Occupy Wall Street protesters across the country are giving big business a hard time, but a new poll suggests they might have missed their window.
The poll shows 64 percent of Americans say “big government” is the biggest threat to the country, while just 26 percent say it’s “big business” and 8 percent say it’s “big labor.”
That figure for big business is about as low as it was before the economy collapsed in 2008, and those who say big government is the biggest threat is near a historic high.
Which suggests that the tea party might well have beaten Occupy Wall Street to the punch after the economic collapse, and that Occupy Wall Street might have missed its best chance to really catch fire.
Everyone needs a villain, and at certain points in history, big government, big business and big labor have all had their moments.
Gallup’s numbers show the fear of big government has trended steadily upward for decades, peaking at 65 percent in 1999 and 2000, while fear of big labor was almost on par with big government back in the 1960s.
The number who named big business was the biggest threat peaked at 38 percent in 2002 after the scandals at Worldcom and Enron. It hit 32 percent after the economic collapse in 2008.
So today, with the number around one-quarter — about where it was for much of the 1980s and 1990s — it begs the question: is there really the necessary motivation for the movement?
Even among Democrats, more name big government as the biggest threat (48 percent) than big business (44 percent), a reversal from two years ago when big business was the bigger threat by a 20-point margin.
“While Occupy Wall Street isn’t necessarily affiliated with a particular party, its anti-big business message may not be resonating with majorities in any party,” wrote Gallup’s Elizabeth Mendes. “Republicans, independents, and now close to half of Democrats are more concerned about the threat of big government than that coming from big business.”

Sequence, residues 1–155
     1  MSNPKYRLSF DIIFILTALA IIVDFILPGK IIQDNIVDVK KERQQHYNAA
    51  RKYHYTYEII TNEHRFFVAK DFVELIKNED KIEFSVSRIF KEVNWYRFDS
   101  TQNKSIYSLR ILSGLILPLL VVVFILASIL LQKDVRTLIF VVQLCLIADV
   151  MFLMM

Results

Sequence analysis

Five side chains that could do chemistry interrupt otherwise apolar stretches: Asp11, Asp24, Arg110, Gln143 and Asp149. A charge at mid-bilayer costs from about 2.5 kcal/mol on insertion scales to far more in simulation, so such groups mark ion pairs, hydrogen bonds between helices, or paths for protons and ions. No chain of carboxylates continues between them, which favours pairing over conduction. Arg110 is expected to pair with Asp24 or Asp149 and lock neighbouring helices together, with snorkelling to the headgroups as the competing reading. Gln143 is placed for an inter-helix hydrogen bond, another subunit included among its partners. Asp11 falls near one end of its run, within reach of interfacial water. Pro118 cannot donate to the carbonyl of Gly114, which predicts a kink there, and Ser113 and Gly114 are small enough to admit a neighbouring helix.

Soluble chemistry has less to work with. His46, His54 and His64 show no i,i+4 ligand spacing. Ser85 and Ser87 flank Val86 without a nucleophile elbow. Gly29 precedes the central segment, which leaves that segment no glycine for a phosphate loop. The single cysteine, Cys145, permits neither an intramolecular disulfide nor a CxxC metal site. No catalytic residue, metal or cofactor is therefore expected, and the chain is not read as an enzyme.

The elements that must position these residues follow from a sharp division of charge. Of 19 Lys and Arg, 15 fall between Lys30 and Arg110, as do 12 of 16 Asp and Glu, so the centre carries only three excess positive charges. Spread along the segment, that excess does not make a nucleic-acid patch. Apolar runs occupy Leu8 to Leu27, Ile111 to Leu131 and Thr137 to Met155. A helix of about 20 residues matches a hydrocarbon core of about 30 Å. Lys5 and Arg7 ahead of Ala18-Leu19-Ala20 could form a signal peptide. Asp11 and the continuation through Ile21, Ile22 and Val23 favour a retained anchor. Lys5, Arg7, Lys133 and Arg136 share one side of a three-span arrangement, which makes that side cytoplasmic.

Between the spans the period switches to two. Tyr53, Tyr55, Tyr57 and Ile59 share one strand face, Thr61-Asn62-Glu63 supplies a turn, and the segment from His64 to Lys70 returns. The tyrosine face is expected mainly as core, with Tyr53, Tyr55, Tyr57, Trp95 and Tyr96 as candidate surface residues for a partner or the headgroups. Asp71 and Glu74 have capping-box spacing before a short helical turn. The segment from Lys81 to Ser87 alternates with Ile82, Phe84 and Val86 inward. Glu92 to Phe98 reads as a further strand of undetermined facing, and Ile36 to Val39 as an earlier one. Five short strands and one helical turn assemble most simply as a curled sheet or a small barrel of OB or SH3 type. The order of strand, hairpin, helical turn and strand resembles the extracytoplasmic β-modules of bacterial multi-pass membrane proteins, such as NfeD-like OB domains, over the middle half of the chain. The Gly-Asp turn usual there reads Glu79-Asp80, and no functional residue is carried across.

Fear and anger are powerful motivators, and at least for some in this country, they have sustained some pretty serious Occupy Wall Street protests in recent months.
But this new polling suggests big business isn’t the bogeyman it was even two years ago, which makes expanding the movement and gaining momentum tougher.
There is certainly an argument to be made that the tea party harnessed the anger that was out there and geared it toward big government in the aftermath of the economic collapse, while Occupy Wall Street has been late to the game in gearing that anger toward big business.
Things can still change, but in politics, it’s often about striking while the iron is hot.
Romney and Gingrich keep jousting: The ongoing back and forth between Newt Gingrich and Mitt Romney continued Monday, with the candidates trading a series of charges trying to peg the other as a political insider who got rich in an underhanded way.
“I’m somebody who sees government as playing the role of encouraging our private sector to create jobs because I spent my life in the private sector. Speaker Gingrich has spent the last 30 years in Washington,” Romney said, according to MSNBC. “If you think that a background in Washington and working to connect various people to Washington leaders and being in government affairs is what we need in Washington — why, he’s the guy.”